As for the “Christian homosexual” candidate…
Yesterday, I mocked fraudulent evangelical hypocrite Franklin Graham over his holier-than-thou critique of Democratic presidential candidate Pete Buttigieg’s claims of being a “Christian homosexual.” Specifically, I questioned how any alleged religious leader who has praised Donald Trump as God’s chosen one, while ignoring or obfuscating about Trump’s well-known and proudly-declared life of sin, can claim any moral authority in objecting to Buttigieg’s attempts to recast the Christian view of homosexuality as an antiquated bias inessential to the faith.
Leaving the hypocrites aside, however, perhaps a comment is warranted regarding the merits of Buttigieg’s self-description as a Christian homosexual. On its face, of course, one can be a Christian homosexual in the same sense in which one can be a Christian thief or a Christian tyrant, both of which I assume Buttigieg must also be (though he isn’t bragging about it yet), insofar as he is a progressive Democrat. That is, one can be Christian in one’s overt beliefs or by intellectual preference, and yet still be a sinner, even a grave sinner. Are not all Christians, in fact, sinners, according to the tenets of the faith itself? Fine, then, Buttigieg is a Christian homosexual: a Christian by intellectual belief who happens to be living a sinful life by Christian standards.
Needless to say, however, this is not what Buttigieg means when he calls himself a Christian homosexual. He means that his homosexuality is in no way an impediment to his being a Christian in good standing. In other words, he is trying to persuade us that there is no contradiction between living a Christian life and living a homosexual life, but rather that the two are as compatible as being, say, a Christian and a baker.
In response to this typical modern feel-good interpretation of religious belief — “Anything goes, because God loves us, and therefore He would never be so unfair as to judge us” — a good friend, who is Jewish, sent me an e-mail commenting on Buttigieg’s absurdity in light of the Hebrew Bible’s unambiguous position on homosexuality, namely that while the homosexual desire or thought is not in itself sinful, yet the homosexual act is a sin. In other words, from an Old Testament point of view, Buttigieg’s “Christian homosexual” shtick, in the sense that he intends it, is all wet.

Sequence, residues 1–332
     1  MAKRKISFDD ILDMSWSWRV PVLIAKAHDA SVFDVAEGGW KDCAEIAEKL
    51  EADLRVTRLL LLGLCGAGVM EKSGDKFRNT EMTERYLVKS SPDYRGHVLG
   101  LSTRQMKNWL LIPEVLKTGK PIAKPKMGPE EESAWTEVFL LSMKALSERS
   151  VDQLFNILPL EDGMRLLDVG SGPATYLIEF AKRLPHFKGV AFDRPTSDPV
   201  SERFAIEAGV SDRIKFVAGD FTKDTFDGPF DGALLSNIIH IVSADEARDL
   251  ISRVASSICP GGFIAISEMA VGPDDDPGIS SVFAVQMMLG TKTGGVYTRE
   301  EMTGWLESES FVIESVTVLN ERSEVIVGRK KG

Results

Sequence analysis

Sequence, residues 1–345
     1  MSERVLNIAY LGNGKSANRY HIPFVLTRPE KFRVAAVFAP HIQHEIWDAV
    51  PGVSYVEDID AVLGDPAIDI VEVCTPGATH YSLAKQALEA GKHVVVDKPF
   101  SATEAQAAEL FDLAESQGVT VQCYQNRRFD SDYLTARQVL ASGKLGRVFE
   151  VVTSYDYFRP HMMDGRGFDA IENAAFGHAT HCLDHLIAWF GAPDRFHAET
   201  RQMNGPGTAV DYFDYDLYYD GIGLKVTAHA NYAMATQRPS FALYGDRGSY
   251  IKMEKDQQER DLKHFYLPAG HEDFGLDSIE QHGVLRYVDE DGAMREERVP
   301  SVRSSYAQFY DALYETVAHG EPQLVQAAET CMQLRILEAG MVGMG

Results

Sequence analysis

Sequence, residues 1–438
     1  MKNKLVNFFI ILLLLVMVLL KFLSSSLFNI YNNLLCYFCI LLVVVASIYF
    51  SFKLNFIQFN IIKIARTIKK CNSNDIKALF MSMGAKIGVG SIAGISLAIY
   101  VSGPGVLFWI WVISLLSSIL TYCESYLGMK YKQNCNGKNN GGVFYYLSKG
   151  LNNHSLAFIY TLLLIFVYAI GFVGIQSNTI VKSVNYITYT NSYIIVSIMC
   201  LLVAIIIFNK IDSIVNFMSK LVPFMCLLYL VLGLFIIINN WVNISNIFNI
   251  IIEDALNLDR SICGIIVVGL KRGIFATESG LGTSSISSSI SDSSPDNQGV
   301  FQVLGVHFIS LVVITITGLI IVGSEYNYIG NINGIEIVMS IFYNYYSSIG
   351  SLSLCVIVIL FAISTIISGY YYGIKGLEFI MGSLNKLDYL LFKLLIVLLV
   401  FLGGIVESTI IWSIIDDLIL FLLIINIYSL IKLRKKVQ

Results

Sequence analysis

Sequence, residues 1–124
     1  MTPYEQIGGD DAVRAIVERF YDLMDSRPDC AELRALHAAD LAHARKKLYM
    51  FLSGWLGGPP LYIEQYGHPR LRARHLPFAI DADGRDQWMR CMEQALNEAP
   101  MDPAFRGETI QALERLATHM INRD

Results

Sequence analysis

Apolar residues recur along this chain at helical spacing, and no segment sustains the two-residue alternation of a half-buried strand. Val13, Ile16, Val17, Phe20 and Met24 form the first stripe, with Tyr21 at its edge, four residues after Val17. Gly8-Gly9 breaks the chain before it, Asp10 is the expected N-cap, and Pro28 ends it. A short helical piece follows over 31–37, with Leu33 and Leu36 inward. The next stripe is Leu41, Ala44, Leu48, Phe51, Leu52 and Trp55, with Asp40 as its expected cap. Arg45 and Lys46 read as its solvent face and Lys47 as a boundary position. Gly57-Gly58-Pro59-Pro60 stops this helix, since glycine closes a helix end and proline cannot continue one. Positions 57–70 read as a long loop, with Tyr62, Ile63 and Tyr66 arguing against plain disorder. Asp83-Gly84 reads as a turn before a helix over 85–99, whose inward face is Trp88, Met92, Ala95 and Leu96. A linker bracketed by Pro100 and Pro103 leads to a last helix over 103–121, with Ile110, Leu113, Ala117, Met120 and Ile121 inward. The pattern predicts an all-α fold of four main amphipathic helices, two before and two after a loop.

My friend went on to inquire as to how the Christian position compares to the Jewish teaching. I am not a theologian, nor do I claim any expertise on the various Christian sects and their peculiarities; for example, groups like the United Church (“the ‘Easy does it!’ crowd,” as a Newfoundland friend once described them to me) went full Buttigieg years ago. But I was raised Catholic, read my St. Thomas, and have a serious interest in such matters from a philosophical point of view, so I do feel qualified to offer my two cents on the non-reformed Christian position on this subject.
The Catholic view on homosexuality is pretty much the Old Testament (Hebrew Bible) view: the act is a sin. The freedom of the will is the missing link in modern attitudes about everything from homosexuality to abortion to just about anything else. Thinking of something does not entail or necessitate doing it. You could have a strange dream as a hormonal teenager, in which you are having sex with just about anything: your best friend, your sister, your mother, your dog, or what have you. That dream does not make you a sinner, but — contra today’s progressive morality — neither does it mean you essentially are a homosexual, or that the incest or bestiality “taboos” are merely oppressive denials of “identity.” Nor does it mean — also contra progressivism — that you must act on those thoughts in reality in order to “express your true self,” and hence that you cannot be held accountable, let alone blamed, for any consequences of such actions.
The standard argument for abortion among modern university students — judging from the hundred and forty essays on the topic I had the dubious pleasure of analyzing a couple of years ago — is that “Young people are just going to have sex (nothing they can do to prevent that), but they are not ready to raise a child, so it is unfair to force them to raise one.” All three clauses in that sentence are pure nonsense, but that’s what passes for reasoning in a world that preaches that we should and must follow our urges, because our urges are the meaning of life and source of our true identity.
Pete Buttigieg is a Christian homosexual. That is, he is (ostensibly) a Christian by belief who also happens to be living in Christian sin. He cannot worm his way out of that fact by claiming that somehow the faith has to “get over” its antiquated attitudes. Progressives can claim to be Christians, but Christianity can never be progressive. To demand that it should is merely to make a trivial social club or self-help group out of a scripture-based belief that was meant to be the revelation of eternal truth. If the scripture’s truth doesn’t “work” for you, then you should stop trying to align yourself with it, in cherry-picked form, for your political advantage.